It’s just so hilariously incredible, its actually credible. (Thanks @artincircles


Tuesday, 10 May 2011

Madrid: Pre-Raphaelite Petra Picspam



I’m sure I’m not the first to have noticed this, but it seems to me that if the Pre-Raphaelites did tennis, Petra would be their ideal subject.

More Pre-Raphaelite Petra:



To tell you the truth I wasn’t sure who to support in the final.

Vika's had her share of bad luck with injury/fainting/being drawn against Serena; it really seemed like it should be her time.

On the other hand, Petra winning at this level would be completely in keeping with her rise.

Didn’t really matter in the end. Vika didn’t play a bad match. She barely got a chance to play one at all.

It wasn’t completely clean hitting from Petra – it rarely is – what matters is she hit winners clean through and clean past Vika. 40 of them.

Vika doesn’t have anything like Petra’s pace, but there’s not a lot anyone can do when Petra’s not missing.

Plan B? That’s not how she rolls. And it’s earnt her a spot in the top ten.


Madrid: Voltaire on Rafole Postmodernism

Just once, I'd like to sit thru a Rafole/Fedal match without the merits of either rivalry being foisted on me. Just once.

What started out as a “Postmodern” counterculture to the fanaticism surrounding the Fedal rivalry and the mainstream adulation it gave rise to, has quickly evolved into something just as toxic as the “mainstream” it purported to differentiate itself from.


This is familiar territory, but I think it bears repetition in light of the near-hysterical attempts during the final of the pro-Rafole lobby to “persuade” everyone of the inherent virtues of their sacred cow.

I wouldn’t object so much if there wasn’t such an obvious subtext: that “my particular rivalry exists on a higher plane, gives rise to fans of a higher moral fibre than yours”. The smug, self-satisfaction is really quite astonishing.  If you insist deary. It probably makes you feel better about yourself, so I guess it must be true.

More often than not, it’s not even cloaked in spiritual terms like these. And I almost prefer that. However “mainstream”.

Let me explain: if you want to be a fanboy or a fangirl, I may disagree with your choice of player, but (within certain limits) I’ll fully support your right to behave like an obnoxious kad. I’m certain Voltaire himself would have no problem with his words being butchered in this way.


The reason is simple: the kads’s position, however obnoxious, remains unequivocal. I know what (or whom) they unabashedly stand for. I know what they unashamedly don’t stand for. Even their startling double standards in favour of their player will, however disagreeable, come as little surprise. For the most part, it’s tongue-in-cheek, and I wouldn’t have it any other way.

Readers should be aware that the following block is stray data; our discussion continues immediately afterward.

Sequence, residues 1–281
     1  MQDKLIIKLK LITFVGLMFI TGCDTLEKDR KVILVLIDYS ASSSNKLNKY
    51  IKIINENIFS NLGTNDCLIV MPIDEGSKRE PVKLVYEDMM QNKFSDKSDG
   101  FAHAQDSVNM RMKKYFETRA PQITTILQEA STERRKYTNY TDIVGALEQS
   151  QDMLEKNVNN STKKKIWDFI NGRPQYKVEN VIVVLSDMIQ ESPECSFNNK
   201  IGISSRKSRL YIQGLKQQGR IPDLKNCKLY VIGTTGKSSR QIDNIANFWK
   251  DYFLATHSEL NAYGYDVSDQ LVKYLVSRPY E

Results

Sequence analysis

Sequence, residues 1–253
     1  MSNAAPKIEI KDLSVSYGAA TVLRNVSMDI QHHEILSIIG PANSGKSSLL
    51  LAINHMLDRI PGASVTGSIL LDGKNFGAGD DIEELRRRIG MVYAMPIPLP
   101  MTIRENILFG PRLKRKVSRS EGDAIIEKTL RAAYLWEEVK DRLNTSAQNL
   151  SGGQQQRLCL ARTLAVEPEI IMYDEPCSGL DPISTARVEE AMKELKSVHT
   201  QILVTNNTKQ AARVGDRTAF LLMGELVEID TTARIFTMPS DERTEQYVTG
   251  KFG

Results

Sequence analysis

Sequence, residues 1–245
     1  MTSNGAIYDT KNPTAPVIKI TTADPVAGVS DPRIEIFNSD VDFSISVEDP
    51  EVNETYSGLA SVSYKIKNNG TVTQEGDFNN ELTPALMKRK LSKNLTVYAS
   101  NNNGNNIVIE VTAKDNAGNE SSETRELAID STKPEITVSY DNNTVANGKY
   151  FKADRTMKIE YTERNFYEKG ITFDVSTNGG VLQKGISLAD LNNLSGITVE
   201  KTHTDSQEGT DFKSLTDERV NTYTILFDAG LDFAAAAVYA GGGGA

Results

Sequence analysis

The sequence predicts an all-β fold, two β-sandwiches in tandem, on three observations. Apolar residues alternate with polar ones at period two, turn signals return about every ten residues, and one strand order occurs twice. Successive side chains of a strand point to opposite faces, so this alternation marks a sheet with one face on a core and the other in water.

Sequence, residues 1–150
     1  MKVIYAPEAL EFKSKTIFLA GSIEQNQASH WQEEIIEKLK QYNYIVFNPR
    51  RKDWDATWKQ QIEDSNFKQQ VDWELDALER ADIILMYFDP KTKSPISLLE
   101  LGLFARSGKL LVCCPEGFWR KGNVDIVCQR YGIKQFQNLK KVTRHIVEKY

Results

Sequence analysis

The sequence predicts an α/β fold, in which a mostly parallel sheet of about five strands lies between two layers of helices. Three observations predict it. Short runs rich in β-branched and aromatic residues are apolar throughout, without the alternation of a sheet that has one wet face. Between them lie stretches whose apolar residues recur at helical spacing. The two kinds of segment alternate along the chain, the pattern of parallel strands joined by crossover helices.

But if you’re going to position yourself as a “radical”, someone taking the “moral high ground” over the “establishment” and its underlings, supposedly above all that rank populism and fanaticism that surrounds the mainstream, and then proceed to insidiously impress the merits of your favourite rivalry upon me (in a way that is clearly meant to denigrate fans of that other “mainstream” rivalry), then you’re far worse than any number of fanboys and fangirls who, whatever else might be said of them, do at least wear their heart on their sleeve. They aren’t pretending to be anything else, and that alone makes them more credible.


Bottom line is, nobody much cares. Everyone should be free to like the Rafole rivalry, or the Fedal rivalry, or both, or NONE.

Up until this week I had thought I preferred Rafole. That’s mostly to do with Madrid 2009. But the Fedal semi reminded me of at least some of the things that had caused me to salivate many years ago and which, frankly, don’t exist in any other rivalry. The same can be said of Rafole. Apples and Oranges.

If we were to be completely honest about it, we’d have to admit that neither rivalry has come anywhere near, recently, to reproducing anything like its respective benchmark – which remains the Madrid SF of 09 and the Wimby Final of 08.

You really don’t have to chose, but if you do – please don’t make like you’re taking the “high road”. I think you’ll find you’re barely taking a road.

Right at this very moment, there’s probably someone out there gushing over the Donald Young, Wayne Odesnik “rivalry”. And that’s ok too.


Madrid: #GlutenFree

Preamble/Disclaimer: Nothing I’m about to say is intended to undermine either Djoko’s win this weekend, or his streak that dates back to DC last year.


The streak is now at 32 (34 if you include DC) and includes wins over Murray, Nadal(3) and Federer(3). If you include Berdych, Almagro and Ferrer that’s 10-0 vs. top ten players this year. Not to mention that the latest of those is a win over Rafa on clay.

How do you even begin to go about undermining something like that? Couldn’t even if I wanted to.

As an achievement it stands almost, but not quite, alone (though I really don’t know how sensible it is to compare Johnny Mac’s 39 match streak with the competition Nole’s had). And for that, he deserves every accolade, every possible plaudit coming his way.

And now the caveat that only just about dares to speak its name: The best player in the world right now (by far) beat a Rafa in questionable form – try as I may, I can’t see anything “seismic” in that. Yes, EVEN on clay. And I wanted Nole to win.